corresponding rating action on the underlying collateral.

The rating action follows S&P's Nov. 7, 2014 rating action on
C.L.E.A.R. PLC's series 73 notes, the underlying collateral for
Sceptre Capital's series 2006-5 notes.

S&P's criteria link its rating on Sceptre Capital's series 2006-5
notes to that on C.L.E.A.R.'s series 73 notes.  Therefore,
following S&P's recent upgrade of C.L.E.A.R.'s series 73 notes,
it has raised to 'B+' from 'CCC+' and removed from CreditWatch
positive its rating on Sceptre Capital's series 2006-5 notes.

Sceptre Capital's series 2006-5 is a repack transaction.  Bank of
America Corp. is the arranger.  The transaction was restructured
in August 2010.


SOUND II BV: Fitch Affirms 'BBsf' Rating on Class B Notes
---------------------------------------------------------
Fitch Ratings has affirmed three tranches of Sound II B.V. (Sound
II), a Dutch RMBS transaction backed by the Nationale Hypotheek
Garantie (NHG).  The mortgages in this transaction were
originated by NIBC Bank N.V. (NIBC, BBB-/Stable/F3) and its
subsidiaries and serviced by Stater Nederland (Stater, RPS1-) and
Quion Groep B.V. (Quion, RPS2/RSS2).

KEY RATING DRIVERS

Sufficient Credit Enhancement

The Credit Enhancement (CE) has increased 36bp for Class A
(5.80%), 17bp for Class S (3.17%) and 5bp for Class B (0.95%)
since Dec. 2013.  This, combined with the low level of losses
observed, has led to the affirmation of the notes with Stable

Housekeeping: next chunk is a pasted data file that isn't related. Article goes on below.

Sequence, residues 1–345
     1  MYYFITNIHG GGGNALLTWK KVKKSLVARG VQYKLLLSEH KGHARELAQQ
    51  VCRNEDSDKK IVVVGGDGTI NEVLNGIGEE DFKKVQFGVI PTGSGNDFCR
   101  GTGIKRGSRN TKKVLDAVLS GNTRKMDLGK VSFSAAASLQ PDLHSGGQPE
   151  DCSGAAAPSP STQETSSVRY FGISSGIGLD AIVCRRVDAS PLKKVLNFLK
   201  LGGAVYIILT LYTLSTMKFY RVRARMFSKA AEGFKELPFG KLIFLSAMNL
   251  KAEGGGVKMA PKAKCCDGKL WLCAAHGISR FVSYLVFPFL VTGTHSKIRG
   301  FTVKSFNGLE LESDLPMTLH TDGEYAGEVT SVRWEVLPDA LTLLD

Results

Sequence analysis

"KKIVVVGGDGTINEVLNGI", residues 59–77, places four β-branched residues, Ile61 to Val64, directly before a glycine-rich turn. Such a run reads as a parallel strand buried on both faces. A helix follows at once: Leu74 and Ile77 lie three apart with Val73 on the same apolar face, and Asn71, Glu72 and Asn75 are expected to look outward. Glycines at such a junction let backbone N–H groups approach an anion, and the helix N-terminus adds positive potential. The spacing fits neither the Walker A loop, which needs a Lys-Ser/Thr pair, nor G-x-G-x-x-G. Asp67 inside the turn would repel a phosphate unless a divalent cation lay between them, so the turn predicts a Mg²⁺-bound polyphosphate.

Outlooks.

Asset Performance Within Expectations

The asset performance has remained stable over the past 12 months
as the volume of late stage arrears (loans in arrears for at
least three months) is now at 0.4% of the current pool compared
to 0.6% in Sept. 2013.  This decline is explained by a small
increase of repossessed properties sold with a loss, in addition
to other loans going back to the performing status.  Cumulative
losses are now at 0.08% of the original collateral balance,
compared to 0.06% 12 months ago.  Fitch observes that the current
performance is in line with the average for the Dutch NHG sector
which shows late stage arrears at 0.56% and cumulative losses
equal to 0.13%.

The agency believes that the portfolio performance will remain
stable.

Commingling and Payment Interruption Risks Mitigated

The transaction is protected from commingling risk by the
bankruptcy remote collection foundation structure, which keeps
the collection amounts received from borrowers and insurance
payments out of the bankruptcy estate of the sellers should an
insolvency event occur.  Also, in the event of servicer default,